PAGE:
US bans on China ‘won’t dent arms deals with Russia’
But Washington’s sanctions could deter some of Moscow’s other military clients more vulnerable to American pressure, analyst says
US sanctions on a key Chinese defence unit are meant to deter other buyers of Moscow’s military equipment, but are unlikely to affect China’s arms deals with Russia or in the international market, analysts said.
In the depths of a trade war with Beijing, Washington announced on Thursday that it would invoke a new sanctions law against the Chinese defence ministry’s Equipment Development Department (EDD) and the department’s director Li Shangfu for buying Russian fighter jets and surface-to-air missiles.
Under the sanctions, the EDD – which oversees China’s defensive acquisitions abroad – is banned from foreign exchange transactions within the United States and its financial system and will be denied export licences.
Beijing strongly protested against the move on Friday, and Moscow said Washington’s decision was “playing with fire”.
While the US State Department said the sanctions were aimed mainly at Russia for its “malign activities”, including its alleged interference in the 2016 US presidential election, the EDD is the first entity to be targeted under Section 231 of the Countering America’s Adversaries Through Sanctions Act of 2017.
Washington warned for months that it would take action against buyers of Russian defence equipment, and said in January that other governments had abandoned several billion dollars in arms purchases since the law went into effect.
Former State Department official Peter Harrell, who worked for the Counter Threat Finance and Sanctions office from 2012 to 2014, said the use of the Section 231 provision was significant.
“I’m actually a little surprised that they chose to go after China first,” Harrell said. “But within the strategic context of increased US-China trade tensions, economic tensions, and military tensions in the South China Sea and elsewhere, it probably made strategic sense in the Trump administration’s view to go with China first.”
Washington said the sanctions were in response to the EDD’s deals with Rosoboronexport, Russia’s main arms export entity, to buy 10 Su-35 combat aircraft and S-400 surface-to-air missile system-related equipment.
After India and Egypt, China was the third-biggest buyer of Russian arms last year, with US$859 million in purchases, according to the Stockholm International Peace Research Institute. Those purchases accounted for about three-quarters of China’s military imports in 2017.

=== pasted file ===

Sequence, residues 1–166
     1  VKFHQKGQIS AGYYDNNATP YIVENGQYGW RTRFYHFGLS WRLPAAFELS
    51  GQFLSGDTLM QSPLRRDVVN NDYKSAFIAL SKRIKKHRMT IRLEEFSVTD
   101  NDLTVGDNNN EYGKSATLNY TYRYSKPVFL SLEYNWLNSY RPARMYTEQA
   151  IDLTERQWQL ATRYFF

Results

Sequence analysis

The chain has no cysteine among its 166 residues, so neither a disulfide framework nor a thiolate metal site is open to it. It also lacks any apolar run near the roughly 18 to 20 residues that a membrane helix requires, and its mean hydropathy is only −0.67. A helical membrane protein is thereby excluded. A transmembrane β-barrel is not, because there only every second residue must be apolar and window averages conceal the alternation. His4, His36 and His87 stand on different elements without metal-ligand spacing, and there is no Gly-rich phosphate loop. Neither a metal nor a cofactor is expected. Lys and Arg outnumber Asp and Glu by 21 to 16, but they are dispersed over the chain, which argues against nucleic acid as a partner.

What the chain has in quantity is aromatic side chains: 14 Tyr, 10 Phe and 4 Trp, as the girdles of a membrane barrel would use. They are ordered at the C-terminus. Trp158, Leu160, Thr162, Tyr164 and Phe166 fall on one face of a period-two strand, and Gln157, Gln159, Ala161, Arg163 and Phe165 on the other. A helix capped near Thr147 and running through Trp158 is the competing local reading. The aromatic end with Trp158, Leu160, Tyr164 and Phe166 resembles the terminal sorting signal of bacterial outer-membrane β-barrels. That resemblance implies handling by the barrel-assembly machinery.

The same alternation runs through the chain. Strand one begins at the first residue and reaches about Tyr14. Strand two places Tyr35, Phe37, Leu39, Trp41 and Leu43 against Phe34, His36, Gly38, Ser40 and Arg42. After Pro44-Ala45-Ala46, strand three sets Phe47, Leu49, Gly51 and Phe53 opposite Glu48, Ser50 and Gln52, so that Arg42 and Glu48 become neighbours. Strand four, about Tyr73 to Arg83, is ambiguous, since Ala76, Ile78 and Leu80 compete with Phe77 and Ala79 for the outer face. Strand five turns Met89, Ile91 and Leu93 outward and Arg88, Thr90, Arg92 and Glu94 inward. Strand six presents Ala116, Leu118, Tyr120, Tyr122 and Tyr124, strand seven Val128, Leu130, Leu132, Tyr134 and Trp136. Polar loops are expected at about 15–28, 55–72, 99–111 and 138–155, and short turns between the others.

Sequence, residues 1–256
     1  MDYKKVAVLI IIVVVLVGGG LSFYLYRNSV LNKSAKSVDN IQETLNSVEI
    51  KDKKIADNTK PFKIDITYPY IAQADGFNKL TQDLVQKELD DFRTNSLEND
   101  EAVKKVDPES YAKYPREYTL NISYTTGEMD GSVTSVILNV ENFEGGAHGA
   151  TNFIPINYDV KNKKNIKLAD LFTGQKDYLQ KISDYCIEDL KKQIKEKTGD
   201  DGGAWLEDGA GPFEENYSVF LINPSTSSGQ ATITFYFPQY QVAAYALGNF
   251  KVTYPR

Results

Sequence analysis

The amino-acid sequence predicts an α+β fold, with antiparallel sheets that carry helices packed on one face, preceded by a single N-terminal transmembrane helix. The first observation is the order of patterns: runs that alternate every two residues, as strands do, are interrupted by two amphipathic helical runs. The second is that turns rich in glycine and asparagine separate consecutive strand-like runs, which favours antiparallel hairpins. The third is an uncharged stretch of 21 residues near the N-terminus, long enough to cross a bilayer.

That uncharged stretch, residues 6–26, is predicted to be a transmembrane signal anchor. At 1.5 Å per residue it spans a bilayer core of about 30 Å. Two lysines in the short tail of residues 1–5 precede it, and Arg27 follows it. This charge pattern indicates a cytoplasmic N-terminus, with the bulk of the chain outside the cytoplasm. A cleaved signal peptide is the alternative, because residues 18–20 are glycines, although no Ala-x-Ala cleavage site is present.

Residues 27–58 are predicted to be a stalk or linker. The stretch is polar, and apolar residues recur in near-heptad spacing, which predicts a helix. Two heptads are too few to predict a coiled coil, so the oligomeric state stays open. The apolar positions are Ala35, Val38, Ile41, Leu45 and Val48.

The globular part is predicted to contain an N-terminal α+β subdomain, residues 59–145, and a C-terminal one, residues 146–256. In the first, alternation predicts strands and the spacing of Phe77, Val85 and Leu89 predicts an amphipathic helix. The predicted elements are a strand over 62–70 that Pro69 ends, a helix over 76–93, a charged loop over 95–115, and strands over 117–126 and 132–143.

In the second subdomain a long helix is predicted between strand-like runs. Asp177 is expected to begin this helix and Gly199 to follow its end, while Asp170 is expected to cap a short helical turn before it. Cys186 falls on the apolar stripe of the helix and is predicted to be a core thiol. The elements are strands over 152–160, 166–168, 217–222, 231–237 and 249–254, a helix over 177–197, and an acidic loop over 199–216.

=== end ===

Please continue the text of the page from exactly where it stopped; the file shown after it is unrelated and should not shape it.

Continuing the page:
Military analysts said that even if some Western vendors might be more reluctant to sell to China, the sanctions would have limited impact on China’s transactions in the international weapons market.
That is in part because Beijing has used intermediaries – rather than the EDD – to buy dual-use technology and equipment from the West since the US and European Union prohibited arms exports to China in the aftermath of the bloody 1989 Tiananmen Square crackdown.
“The practical consequences of the sanctions for China and Russia cooperation would be quite small,” Vasily Kashin, a senior fellow the National Research University in Moscow, said. “The Russian defence producers are already under the sanctions, so for the arms trade, the two countries are already using special mechanisms of financial settlement.
“It is a message to other potential buyers of Russian weapons. It is meant to scare them off, but in reality will ultimately fail,” Kashin said.
Hong Kong-based military commentator Song Zhongping said many countries had chosen to use the yuan instead of the US dollar in their deals with China.
“The US dollar is not the only global currency used by China, Russia, and their business partners in international weapons market,” Song said. “In some countries in the Middle East and Africa, some even barter for China’s weapons. For example, they will export oil and other natural resources in return for Chinese weapons.”
But the sanctions might create some barriers for European countries and US allies collaborating with China on technology projects, and could raise the cost for Beijing of buying components on the international market, Song said.
Analysts said the sanctions could be more significant for other Russian military customers that were more vulnerable to American pressure.
As a US ally, India has lobbied for a waiver from similar sanctions as they transition from legacy Russian weapons to Western equipment, but a Pentagon official said on Wednesday there was no guarantee.
Michael Raska, assistant professor at the Nanyang Technology University in Singapore, said the sanctions would not stop Russia from selling weapons because its defence industry depended on its exports not only for income, but to maintain Moscow’s geopolitical position.
“It will not deter the Russians, but it may have an effect on the strategic calculations of potential buyers of Russian arms,” he said. “In the context of strategic competition between China and Russia on the one hand, and the US on the other, the move can actually strengthen Russia-Chinese cooperation if anything, just to counter the pressure from the US.”